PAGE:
17 April 2013
Press releases | 17.4.2013
The EPO and the International Electrotechnical Commission (IEC) have agreed to work closely together by facilitating the EPO use of IEC's standardisation documents in all phases of its patenting process. The agreement sets another milestone for co-operation between the EPO and Standards Development Organisations (SDOs) to ensure greater legal certainty for patents granted by the EPO.
The agreement is based on the fact that IEC does not accept or allow the use of non-disclosure agreements in the standardisation work in which it is involved, alone or with other organisations, including informal discussions, input contributions and working documents. With this accord, EPO patent examiners will be able to full-text search IEC documents using the same process and tools as they use to search EPO's own patent collections.
"Thanks to this co-operation the examination of the patentability of inventions in a variety of technical fields is expected to yield even better results. This represents a significant contribution to securing quality and legal certainty of patents processed by the EPO," said Raimund Lutz, the EPO's Vice-President for Legal and International Affairs.
The IEC is the world's leading organisation for the preparation and publication of voluntary, consensus-based international standards for the millions of devices and systems that use or produce electricity and contain electronics, collectively known as "electrotechnology". The organisation brings together 163 countries and has close to 7 000 standards in its library.
The IEC together with the International Standards Organization (ISO) and the International Telecommunications Union (ITU) are among the main organisations that develop globally relevant, consensus-based, international standards, as recognised by the WTO (World Trade Organization). The EPO has already signed similar agreements with the ITU, as well as with the European Telecommunications Standards Institute (ETSI) and the Institute of Electrical and Electronic Engineers Standards Association (IEEE-SA).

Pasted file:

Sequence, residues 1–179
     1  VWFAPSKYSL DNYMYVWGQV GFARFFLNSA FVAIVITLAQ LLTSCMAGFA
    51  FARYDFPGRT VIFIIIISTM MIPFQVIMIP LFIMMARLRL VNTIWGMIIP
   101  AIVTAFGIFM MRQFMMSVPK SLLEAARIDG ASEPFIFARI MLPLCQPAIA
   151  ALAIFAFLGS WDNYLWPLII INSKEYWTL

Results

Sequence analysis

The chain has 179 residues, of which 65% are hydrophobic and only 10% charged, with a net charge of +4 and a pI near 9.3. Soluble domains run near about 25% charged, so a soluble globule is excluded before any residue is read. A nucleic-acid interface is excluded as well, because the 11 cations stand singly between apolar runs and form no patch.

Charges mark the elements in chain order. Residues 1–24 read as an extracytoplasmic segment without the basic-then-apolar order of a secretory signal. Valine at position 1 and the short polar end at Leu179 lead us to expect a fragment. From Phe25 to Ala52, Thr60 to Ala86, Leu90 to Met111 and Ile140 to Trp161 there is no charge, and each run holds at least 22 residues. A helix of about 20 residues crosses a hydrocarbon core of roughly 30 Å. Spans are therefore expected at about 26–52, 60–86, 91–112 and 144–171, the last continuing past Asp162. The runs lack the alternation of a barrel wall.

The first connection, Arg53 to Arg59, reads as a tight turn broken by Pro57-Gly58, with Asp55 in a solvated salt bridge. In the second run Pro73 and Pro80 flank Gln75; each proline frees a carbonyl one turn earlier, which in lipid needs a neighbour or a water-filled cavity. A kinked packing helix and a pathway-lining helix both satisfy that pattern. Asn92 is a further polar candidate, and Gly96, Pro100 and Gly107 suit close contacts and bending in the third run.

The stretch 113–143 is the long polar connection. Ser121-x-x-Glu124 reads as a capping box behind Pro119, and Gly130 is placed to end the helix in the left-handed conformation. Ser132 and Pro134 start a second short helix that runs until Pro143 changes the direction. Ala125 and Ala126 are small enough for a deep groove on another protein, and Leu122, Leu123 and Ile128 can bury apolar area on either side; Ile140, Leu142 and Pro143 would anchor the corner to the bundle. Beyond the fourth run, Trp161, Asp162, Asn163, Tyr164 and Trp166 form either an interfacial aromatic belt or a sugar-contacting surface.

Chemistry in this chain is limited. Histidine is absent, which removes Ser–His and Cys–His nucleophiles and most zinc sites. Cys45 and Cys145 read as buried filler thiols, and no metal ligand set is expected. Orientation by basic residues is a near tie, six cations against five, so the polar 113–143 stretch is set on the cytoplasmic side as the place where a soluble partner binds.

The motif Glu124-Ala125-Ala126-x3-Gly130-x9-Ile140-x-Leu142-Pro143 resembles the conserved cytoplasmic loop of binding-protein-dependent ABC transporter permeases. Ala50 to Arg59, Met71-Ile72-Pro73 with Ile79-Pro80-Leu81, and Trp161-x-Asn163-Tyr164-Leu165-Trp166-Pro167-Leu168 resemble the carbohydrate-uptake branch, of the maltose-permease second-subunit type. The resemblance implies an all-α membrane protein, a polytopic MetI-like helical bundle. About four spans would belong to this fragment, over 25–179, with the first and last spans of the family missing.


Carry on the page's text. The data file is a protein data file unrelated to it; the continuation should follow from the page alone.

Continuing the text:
The EPO provides a central one-stop service to both individual inventors and companies from around the world. It enables them to obtain patent protection in up to 38 European states through a uniform procedure requiring just one patent application. Today, the EPO is one of Europe's leading international organisations, with 7 000 staff working in Munich, The Hague, Berlin, Vienna and Brussels. The EPO receives some 255 000 patent filings and grants 65 000 patents per year. It is the executive arm of the European Patent Organisation, and is entirely self-financed with an annual budget of EUR 1.8 billion.
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The IEC (International Electrotechnical Commission) is the world's leading organization that prepares and publishes International Standards for all electrical, electronic and related technologies and administers Conformity Assessment Systems that certify that components, equipment and systems conform to them.
The IEC brings together 163 countries, and nearly 13 000 experts cooperate on the global IEC platform to ensure that products work everywhere safely with each other. IEC work enables global value chains; allows industry and companies of all sizes to access global markets faster and at less cost, and permits nations to better protect their citizens.
IEC work covers a vast range of technologies: power generation (including all renewable energy sources), transmission, distribution, Smart Grid, batteries, home appliances, office and medical equipment, all public and private transportation, semiconductors, fibre optics, nanotechnology, multimedia, information technology, and more. It also addresses safety, EMC, performance and the environment.